Nancy Nancy Phillips, Director of Investment and Trade at the Greater Halifax Partnership and the Executive Director of the Halifax Gateway Council, is one of six Canadian women who are visiting the United States under the Women in Trade and Entrepreneurship, International Visitor Leadership Program (IVLP).  

From February 25 to March 16, the Canadian delegation is visiting five U.S. cities – Washington, Kansas City, Austin, Denver and San Francisco - to learn about entrepreneurial efforts initiated by women in the U.S. and the influence of social, economic and political factors on U.S. private enterprises. 




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  • Written by haligonia.ca
  • Category: SmartCity Blog

Recruiting New Grads: Canadian Trends and Practices

Guest post by Paul Smith

Halifax graduation ceremony Recruiting new graduates offers access to untapped potential when it works, but it may also expose employers to significant risk and expense when it doesn’t. Clearly, you want to maximize the potential while diminishing the risk, but achieving the desired balance can be tricky.

Valid and reliable information can make a difference, so allow me to introduce The Canadian Association of Career Educators and Employers' (CACEE) Campus Recruitment and Benchmark Survey.

Since 2007 CACEE has produced an annual report on the new graduate recruitment practices of employers throughout Canada. The survey details the level of full-time and co-op/internship hiring, the average salaries paid to new graduates, and the anticipated change in starting salary levels for the coming recruiting season. Finally, the survey establishes a number of benchmarks for recruiting practices used by Canadian employers.

The 2012 Report was released in October, and featured a number of key findings. Here are a few highlights:

  • At a time of unemployment and underemployment for post-secondary graduates, recruiters in a number of sectors again experienced difficulty meeting their hiring goals. Engineering positions once again take the top spot on this list, with 28.6% of positions unfilled. Banking in its various forms also experienced difficulty, combining to account for 18% of vacancies.
  • The average wage for university new graduates recruits (the largest contingent of hires in the survey) in Canada in 2012 was $51,014, down 5% from the 2011 average of $53,717.
  • The average acceptance rate for offers to new college recruits was approximately 81%, a significant increase over the level recorded in 2010.

There is a lot more information available; some of it is quite detailed and broken down by region. If you want to know what other employers are doing in their new grad hiring, you'll want to read this report. You can visit www.cacee.com for more information or to buy a copy.

And if you want to know more about the effective recruitment and retention of international students / new Canadians, please join us in Moncton on April 5th for a conversation on “Building Atlantic Canada’s Workforce through International Recruitment.” You can contact me at This email address is being protected from spambots. You need JavaScript enabled to view it. for more info. 

Author: Paul Smith

Paul Smith is the Executive Director of The Canadian Association of Career Educators and Employers.



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  • Written by I Love Sparkles
  • Category: SmartCity Blog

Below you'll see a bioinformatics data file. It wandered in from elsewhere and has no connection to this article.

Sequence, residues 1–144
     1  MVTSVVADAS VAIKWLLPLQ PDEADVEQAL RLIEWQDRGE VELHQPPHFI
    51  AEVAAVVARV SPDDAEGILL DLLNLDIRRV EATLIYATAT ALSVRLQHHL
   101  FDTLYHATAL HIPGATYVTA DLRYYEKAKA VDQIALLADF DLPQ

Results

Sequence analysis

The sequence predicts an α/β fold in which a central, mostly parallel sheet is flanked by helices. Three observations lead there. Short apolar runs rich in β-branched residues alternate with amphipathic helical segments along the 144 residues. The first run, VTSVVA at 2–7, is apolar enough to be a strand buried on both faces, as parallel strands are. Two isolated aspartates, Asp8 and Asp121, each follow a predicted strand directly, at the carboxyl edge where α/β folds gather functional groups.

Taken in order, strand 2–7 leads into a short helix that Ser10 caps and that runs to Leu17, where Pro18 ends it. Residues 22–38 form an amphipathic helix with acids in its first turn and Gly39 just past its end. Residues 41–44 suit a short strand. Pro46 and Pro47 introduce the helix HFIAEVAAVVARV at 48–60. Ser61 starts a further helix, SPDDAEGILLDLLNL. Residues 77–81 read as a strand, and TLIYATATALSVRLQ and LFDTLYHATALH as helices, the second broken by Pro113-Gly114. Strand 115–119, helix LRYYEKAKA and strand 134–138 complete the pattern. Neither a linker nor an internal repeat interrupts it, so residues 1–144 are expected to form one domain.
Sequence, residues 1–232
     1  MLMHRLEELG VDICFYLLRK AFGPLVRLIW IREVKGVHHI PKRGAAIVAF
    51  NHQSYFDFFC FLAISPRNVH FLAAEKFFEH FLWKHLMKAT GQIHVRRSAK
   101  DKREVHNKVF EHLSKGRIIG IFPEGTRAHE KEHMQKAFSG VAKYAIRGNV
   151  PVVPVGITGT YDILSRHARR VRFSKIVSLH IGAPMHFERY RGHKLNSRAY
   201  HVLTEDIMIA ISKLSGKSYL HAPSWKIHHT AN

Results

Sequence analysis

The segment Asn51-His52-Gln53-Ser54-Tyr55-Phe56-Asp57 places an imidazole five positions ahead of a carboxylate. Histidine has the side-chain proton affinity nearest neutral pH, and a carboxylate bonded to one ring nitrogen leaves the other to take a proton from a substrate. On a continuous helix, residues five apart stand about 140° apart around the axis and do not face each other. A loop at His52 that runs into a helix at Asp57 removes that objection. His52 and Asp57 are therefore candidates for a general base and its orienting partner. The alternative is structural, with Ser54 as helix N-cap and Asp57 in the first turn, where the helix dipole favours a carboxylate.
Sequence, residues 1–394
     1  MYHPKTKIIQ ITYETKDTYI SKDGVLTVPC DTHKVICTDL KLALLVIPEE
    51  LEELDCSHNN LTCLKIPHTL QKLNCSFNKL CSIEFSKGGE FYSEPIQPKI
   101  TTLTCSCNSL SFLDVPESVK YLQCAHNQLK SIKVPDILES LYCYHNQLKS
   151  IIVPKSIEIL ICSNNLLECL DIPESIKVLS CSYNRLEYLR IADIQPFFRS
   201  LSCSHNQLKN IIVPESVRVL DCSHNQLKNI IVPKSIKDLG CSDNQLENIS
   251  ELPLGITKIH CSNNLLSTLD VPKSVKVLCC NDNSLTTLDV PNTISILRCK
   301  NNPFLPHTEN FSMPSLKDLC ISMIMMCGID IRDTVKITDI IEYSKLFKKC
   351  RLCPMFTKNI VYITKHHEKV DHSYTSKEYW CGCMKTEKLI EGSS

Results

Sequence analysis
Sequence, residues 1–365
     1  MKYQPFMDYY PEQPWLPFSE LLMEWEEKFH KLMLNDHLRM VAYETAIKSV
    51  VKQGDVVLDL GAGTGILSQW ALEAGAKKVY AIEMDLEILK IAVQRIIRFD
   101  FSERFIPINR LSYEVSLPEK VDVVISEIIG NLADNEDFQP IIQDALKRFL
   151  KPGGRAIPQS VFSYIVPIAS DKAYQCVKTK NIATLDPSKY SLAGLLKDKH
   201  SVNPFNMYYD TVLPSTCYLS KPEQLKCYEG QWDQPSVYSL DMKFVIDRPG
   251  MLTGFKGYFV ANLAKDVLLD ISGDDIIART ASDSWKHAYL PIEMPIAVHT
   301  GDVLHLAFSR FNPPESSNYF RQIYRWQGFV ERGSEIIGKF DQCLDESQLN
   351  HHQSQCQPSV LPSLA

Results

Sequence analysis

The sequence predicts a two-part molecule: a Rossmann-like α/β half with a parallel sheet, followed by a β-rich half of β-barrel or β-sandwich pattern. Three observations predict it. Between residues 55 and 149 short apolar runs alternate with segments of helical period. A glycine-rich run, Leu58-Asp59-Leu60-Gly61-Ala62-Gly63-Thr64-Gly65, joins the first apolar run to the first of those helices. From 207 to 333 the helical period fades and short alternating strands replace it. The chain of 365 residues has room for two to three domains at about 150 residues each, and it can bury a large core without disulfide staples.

Busting the Myths and Misconceptions of Nova Scotia’s non-residential Building Sector

Guest post by Brad Smith

Img_crane_library The non-residential building sector, which includes industrial and commercial construction, produces over 10% of Nova Scotia’s annual gross domestic product. Such a large contribution to our economy indicates the significant and positive impact professional trades make to our province.

In the next number of months, I intend on traveling throughout Nova Scotia to discuss just that and to debunk some of the myths and misperceptions that have been mistakenly associated with this sector

In Nova Scotia, the most prominent  myth is that there is a skills shortage in the province. Economic statistics paint a different story. Consider the following. We have all heard the stories, or experienced friends and family leaving the province to find work. In fact the province loses about 3,500 people each year to out-migration. Additionally we have an unemployment rate close to 10 percent and youth unemployment close to 20%. One of the founding principles of labour economics is people stay, or leave dependent upon the job opportunities available in an area. We see evidence of this everyday within Nova Scotia in the shrinking of rural communities. Many people want to live in rural communities but there are few who can do so without work. The same principle applies to us as a province as we see the loss of our best to other jurisdictions across Canada.

Specifically in the building trades there is further evidence to debunk the skill shortage myth, specifically the professional skilled tradespeople. In Nova Scotia, about 15 percent of the Building Trades skilled tradespeople are commuters, meaning they travel outside NS to go to work and return on bi-weekly or monthly rotations. They don’t do this because they want to spend extended time away from their family. They do so out of economic necessity. Is there further data to explain why this is happening? In a province with one of the highest costs of living, Nova Scotia has the second lowest average weekly wages in Canada. And if you break down the statistics even further you find that the construction sector’s weekly wages in Nova Scotia is 24 percent less than the national average.

So what’s the real challenge here? Is it a skills shortage, or a shortage of good-paying jobs?

This province has a highly skilled sought after workforce. But they are leaving for other, better paying opportunities. If we want to retain our skilled workers, we don’t have to match wages, but we must close the gap. In a global competitive market we have to compete for capital, we have to compete for business, and we need to provide a sufficient income and benefits to attract and retain skilled professionals. Retaining our skilled professionals means more people in this province will be supported by salaries, health benefits and pensions and will give back to our community.


About the Author:

Brad-Smith Brad Smith is the Executive Director of the Mainland Nova Scotia Building and Construction Trades Council which provides highly-skilled professional tradespeople for contractors and owners, promotes and develops business for its members, and provides a united, powerful voice to issues affecting the trades.